The long term outcomes have been reported to be better in patients with sN1a than in cases of sN1b.[7,13,20] In the study of Eichhorn et al.,[20] the five-year survival rate was 58% in sN1a group and 50% in sN1b group. In the study of Maeshima et al.,[7] the five-year DFS rate was 56.3% in sN1a group and 37.8% in sN1b group. Similar to the literature, in our study, the five-year survival and DFS rates were better in sN1a group (62.70% and 42.88%, respectively) than sN1b group (60.58% and 41.78%, respectively). However, there was no statistically significant difference between the groups (p=0.360, p=0.396, respectively).

The LNR is a poor prognostic factor.[7] Indeed, some studies have reported that LNR can be an independent predictor in operable N1 NSCC cases.[6] In the study of Wang et al.,[12] the worst five-year survival rate was found in the group with high LNR, compared to the lower group (p<0.0001). In daily practice, however, it may not be an ideal prognostic factor to use the number of lymph nodes directly or in combination, since there may not be enough N1 lymph node excision or examination in all patients due to different surgical experiences. In contrast, Wang et al.,[12] suggested that the prognostic impact of LNR would less affect the number of dissected lymph nodes. In our study, as the LNR increased, estimated survival and DFS rates decreased, although no statistically significant difference was observed (p=0.645, p=0.866, respectively).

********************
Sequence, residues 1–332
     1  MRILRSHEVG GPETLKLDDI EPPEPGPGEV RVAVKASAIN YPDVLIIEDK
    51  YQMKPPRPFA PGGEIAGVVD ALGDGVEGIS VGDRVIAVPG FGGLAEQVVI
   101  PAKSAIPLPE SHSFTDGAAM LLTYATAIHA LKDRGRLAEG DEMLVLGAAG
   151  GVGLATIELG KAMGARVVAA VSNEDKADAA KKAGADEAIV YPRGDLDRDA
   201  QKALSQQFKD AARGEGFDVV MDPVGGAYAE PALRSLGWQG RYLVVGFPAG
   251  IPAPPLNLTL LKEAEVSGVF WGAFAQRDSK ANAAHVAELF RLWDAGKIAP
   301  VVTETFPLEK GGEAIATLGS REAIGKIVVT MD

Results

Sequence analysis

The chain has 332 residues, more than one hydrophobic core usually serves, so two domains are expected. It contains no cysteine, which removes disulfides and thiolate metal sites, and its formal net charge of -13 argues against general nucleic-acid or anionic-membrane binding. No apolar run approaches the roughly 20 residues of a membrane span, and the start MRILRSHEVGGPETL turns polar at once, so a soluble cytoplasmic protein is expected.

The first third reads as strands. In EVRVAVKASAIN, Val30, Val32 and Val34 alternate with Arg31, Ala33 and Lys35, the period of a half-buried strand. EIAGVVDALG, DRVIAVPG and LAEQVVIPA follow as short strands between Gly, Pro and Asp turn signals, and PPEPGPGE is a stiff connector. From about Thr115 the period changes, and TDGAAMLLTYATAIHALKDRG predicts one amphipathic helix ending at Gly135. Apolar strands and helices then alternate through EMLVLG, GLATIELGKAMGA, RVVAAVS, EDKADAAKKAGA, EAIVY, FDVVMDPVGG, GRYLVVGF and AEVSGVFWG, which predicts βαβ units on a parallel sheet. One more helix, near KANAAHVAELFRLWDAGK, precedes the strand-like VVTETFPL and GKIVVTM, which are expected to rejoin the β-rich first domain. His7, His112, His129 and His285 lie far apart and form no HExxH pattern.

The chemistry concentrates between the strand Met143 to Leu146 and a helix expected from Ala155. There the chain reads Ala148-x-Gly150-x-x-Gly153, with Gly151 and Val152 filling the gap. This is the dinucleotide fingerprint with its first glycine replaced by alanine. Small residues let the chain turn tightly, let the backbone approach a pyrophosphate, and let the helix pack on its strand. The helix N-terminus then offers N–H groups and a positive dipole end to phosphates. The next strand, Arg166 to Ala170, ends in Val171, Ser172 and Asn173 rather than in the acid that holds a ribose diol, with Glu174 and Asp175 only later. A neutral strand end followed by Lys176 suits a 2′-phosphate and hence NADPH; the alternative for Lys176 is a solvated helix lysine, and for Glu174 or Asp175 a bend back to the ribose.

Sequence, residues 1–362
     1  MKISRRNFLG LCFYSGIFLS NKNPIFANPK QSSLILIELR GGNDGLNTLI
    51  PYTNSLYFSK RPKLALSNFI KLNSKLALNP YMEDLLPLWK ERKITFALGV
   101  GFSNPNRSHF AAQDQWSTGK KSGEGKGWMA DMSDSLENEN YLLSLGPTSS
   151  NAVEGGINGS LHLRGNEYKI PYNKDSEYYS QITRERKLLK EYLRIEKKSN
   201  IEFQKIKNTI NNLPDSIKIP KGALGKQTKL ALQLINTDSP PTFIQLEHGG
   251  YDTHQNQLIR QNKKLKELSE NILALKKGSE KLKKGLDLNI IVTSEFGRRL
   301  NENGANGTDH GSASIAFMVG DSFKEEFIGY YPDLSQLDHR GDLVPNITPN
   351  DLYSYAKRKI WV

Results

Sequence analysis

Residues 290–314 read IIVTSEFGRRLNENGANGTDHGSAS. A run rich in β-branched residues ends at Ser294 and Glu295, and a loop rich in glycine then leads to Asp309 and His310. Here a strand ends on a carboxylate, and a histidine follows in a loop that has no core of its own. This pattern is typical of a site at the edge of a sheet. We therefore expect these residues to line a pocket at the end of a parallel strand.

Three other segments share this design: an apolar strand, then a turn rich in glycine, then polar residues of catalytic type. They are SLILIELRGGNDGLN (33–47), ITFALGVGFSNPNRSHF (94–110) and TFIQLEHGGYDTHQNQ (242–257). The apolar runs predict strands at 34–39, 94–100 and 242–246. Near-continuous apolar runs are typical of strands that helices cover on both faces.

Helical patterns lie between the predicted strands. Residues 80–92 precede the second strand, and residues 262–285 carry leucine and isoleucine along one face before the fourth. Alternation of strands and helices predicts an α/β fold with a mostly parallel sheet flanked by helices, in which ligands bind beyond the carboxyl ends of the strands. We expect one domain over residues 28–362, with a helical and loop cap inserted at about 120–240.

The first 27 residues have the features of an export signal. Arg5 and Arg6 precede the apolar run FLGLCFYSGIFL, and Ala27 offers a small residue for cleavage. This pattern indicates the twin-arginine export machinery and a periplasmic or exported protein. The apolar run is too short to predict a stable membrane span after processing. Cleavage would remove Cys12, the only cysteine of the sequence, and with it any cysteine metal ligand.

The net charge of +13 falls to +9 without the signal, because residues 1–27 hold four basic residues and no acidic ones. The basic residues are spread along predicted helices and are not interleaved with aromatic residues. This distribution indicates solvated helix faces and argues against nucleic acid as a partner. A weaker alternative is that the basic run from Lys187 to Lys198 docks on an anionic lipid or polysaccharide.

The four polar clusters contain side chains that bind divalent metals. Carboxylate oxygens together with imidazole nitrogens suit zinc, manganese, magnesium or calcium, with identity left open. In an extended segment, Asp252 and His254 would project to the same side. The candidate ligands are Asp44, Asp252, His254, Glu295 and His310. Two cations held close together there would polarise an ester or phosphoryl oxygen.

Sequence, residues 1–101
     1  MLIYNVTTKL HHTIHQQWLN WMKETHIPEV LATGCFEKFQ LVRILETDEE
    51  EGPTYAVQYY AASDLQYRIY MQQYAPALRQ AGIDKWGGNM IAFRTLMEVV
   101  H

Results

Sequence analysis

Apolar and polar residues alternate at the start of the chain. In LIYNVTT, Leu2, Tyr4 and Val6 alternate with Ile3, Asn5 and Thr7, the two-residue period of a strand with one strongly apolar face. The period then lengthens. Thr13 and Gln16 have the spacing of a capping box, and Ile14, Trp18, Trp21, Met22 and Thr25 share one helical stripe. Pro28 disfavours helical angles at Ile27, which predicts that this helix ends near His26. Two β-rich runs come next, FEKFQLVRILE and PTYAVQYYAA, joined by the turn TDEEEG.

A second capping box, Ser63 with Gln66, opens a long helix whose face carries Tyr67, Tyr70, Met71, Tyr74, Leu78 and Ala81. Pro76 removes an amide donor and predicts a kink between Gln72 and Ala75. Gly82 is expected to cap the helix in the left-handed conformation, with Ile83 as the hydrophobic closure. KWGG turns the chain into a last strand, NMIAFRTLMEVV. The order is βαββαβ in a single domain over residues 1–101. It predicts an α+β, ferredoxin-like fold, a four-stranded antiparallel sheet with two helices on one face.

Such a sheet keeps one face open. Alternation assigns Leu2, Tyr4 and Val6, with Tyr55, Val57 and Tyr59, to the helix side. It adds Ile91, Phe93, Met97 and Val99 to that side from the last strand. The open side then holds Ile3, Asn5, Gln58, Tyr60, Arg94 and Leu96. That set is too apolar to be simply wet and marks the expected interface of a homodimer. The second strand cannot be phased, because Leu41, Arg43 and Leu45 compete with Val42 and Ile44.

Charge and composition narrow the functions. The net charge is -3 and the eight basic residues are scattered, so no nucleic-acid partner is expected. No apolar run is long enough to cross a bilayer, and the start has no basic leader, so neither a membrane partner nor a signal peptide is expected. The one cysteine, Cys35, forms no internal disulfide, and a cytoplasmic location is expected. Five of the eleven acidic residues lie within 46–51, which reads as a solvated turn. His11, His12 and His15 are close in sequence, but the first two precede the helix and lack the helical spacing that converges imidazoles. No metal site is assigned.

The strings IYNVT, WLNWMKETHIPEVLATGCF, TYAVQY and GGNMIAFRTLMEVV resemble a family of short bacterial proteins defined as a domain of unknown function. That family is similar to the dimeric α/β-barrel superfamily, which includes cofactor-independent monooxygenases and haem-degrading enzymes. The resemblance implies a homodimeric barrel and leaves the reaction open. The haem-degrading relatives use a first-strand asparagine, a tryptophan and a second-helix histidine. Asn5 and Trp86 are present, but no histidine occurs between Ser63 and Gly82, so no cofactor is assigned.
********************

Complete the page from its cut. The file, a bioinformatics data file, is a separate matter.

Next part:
The five-year survival or DFS have been reported to be better in patients with SCC than in cases of adenocarcinoma.[7,9,15,17] In some studies, however, no significant difference was found between the histopathological types in terms of survival time.[15] In a study, central and nN1b had a worse prognosis in the group diagnosed with adenocarcinoma.[20] In this study, the effect of sN1b on survival was observed only in the histopathological type of adenocarcinoma. In our study, the five-year survival rate was 56.48% in SCC group and 69.03% in adenocarcinoma group. The five-year DFS rate was 47.25% in adenocarcinoma group and 38.66% in SCC group. However, there was no statistically significant difference between the two groups (p=0.844, p=0.096, respectively). There was no statistically significant difference in adenocarcinoma and SCC histopathological groups in both peribronchial and hilar LN groups for the five-year survival and DFS rates (p=0.842-0.214, p=0.468-0.332, respectively).

Another issue is that intrapulmonary lymph node metastasis rates have been reported between 12 and 37.5% in the literature, and there is no standard protocol for pathological examination of these metastases.[16] In our study, this rate was 7.69%. Other than routine, repeating gross tissue examination or performing this examination by a second physician (e.g., the surgeon) may increase the rate of pathological lymph nodes. It has been reported that the pathological stage may increase by 2.4% or 11% after a routine or careful pathological examination.[6,16]